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Scotland Saves Their Wild Salmon Population by Planting Trees to Shade Rivers

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How Salmon are Adapting to Climate Change

With warming ocean, river, and stream temperatures, wild salmon have been forced to adapt quickly. They’ve evolved over millions of years to make it here, so they’re resilient animals. However, wild salmon now face immense environmental and evolutionary pressures, causing their populations to rapidly decline.

The wild salmon that do survive have adapted by doing these things:


  • Migrating further north where waters aren’t as warm. Both Atlantic and Pacific wild salmon have been observed moving northward.
  • Migrating from the ocean to rivers earlier in the year. Salmon DNA reveals that nature now selects for salmon migrating earlier, meaning it’s an evolutionary response to climate change.
  • Remaining in cooler pools of water until ocean or river temperatures become safe enough for the salmon.

We Can Also Help Salmon Adapt

Various officials have mentioned several mitigation strategies to reduce the impacts of climate change on wild salmon. Some of these strategies include:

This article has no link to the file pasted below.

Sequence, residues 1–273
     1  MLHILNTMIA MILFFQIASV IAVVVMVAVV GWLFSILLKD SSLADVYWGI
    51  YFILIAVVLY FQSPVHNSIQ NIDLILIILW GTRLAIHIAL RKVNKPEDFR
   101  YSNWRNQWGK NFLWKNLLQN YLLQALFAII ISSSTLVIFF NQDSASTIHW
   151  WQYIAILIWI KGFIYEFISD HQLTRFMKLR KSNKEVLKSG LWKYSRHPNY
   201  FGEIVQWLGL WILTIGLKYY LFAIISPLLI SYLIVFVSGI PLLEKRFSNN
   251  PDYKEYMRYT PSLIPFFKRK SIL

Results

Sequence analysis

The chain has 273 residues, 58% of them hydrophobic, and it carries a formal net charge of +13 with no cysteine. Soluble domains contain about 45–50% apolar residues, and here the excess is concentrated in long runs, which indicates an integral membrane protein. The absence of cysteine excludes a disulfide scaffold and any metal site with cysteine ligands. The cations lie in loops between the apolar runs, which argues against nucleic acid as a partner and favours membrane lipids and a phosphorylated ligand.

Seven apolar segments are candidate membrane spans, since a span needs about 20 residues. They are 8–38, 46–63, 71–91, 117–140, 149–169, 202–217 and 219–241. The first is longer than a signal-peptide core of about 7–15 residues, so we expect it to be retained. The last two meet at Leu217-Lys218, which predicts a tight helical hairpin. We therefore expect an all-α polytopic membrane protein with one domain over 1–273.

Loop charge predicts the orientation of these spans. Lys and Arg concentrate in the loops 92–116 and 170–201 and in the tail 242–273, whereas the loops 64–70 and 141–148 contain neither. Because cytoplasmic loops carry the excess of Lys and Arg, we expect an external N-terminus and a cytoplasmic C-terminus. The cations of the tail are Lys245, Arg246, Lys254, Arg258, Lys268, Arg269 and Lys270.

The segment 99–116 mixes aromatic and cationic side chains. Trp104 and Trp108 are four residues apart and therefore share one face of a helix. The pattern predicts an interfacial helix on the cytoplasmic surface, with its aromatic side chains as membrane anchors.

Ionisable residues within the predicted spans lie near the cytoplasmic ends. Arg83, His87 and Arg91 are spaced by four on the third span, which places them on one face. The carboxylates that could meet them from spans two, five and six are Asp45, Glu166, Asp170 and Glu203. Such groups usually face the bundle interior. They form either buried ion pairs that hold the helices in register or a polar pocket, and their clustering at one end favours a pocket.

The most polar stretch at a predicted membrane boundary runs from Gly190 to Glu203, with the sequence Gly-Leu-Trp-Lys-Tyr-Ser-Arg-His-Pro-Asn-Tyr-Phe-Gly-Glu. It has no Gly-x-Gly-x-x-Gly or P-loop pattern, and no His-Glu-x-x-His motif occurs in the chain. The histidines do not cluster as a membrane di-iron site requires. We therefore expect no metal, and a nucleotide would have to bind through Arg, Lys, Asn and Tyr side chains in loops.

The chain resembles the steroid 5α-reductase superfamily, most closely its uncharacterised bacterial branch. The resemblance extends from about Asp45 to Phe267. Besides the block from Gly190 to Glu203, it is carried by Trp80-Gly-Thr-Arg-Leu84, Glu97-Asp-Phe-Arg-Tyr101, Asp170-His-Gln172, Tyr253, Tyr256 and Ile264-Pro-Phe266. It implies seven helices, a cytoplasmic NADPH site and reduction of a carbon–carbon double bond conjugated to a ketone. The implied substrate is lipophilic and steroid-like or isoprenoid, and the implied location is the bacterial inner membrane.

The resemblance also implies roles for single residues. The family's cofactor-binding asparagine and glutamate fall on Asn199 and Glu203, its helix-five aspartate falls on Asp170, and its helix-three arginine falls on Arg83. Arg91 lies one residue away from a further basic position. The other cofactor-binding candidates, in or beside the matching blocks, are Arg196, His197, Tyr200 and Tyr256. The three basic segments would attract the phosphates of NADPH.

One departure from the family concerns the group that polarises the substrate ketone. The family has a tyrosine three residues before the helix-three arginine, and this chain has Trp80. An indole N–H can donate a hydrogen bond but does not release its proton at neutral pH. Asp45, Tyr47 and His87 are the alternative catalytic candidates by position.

• Installing water temperature monitors in rivers to help locate hot spots. In Nova Scotia, officials have installed these monitors in the Margaree and Mabout Rivers, for example. If the monitors record high temperatures, work crews will plant trees along the rivers to provide shade for wild salmon.
  • Diverting the flow of rivers to create larger pools of cold water. This provides shelter from extreme heat for salmon swimming upstream.
  • Replacing culverts and road crossings with alternatives so that salmon can access previously blocked areas. This will expand their habitat and open up new areas for them to spawn.
  • Employing fish rescue programs to provide assisted migration for salmon. In some areas of the Pacific Northwest, wild salmon are already transported past dams and weirs so they can make it upstream. Also, when stream levels dip too low, fish rescue programs assist the fish into waterways with higher flow.

Final Thoughts on Saving the Wild Salmon in Scotland

Across the globe, salmon populations face imminent threats from climate change, habitat destruction, and other human-caused factors. However, some humans have come to their rescue in order to preserve the species that cultures around the world rely on. Some strategies they’ve employed include planting trees along rivers to provide shade, diverting water in rivers to increase flow, and removing culverts to increase habitat. Hopefully, we will see a large increase in salmon populations as a result of these efforts.

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